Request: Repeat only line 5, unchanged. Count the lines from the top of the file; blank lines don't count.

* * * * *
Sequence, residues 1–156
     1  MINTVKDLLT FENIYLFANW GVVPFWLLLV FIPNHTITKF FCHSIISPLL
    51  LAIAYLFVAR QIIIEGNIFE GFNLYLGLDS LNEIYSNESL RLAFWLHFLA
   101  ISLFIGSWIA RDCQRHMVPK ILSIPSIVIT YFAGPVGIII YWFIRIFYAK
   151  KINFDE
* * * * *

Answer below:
   151  KINFDE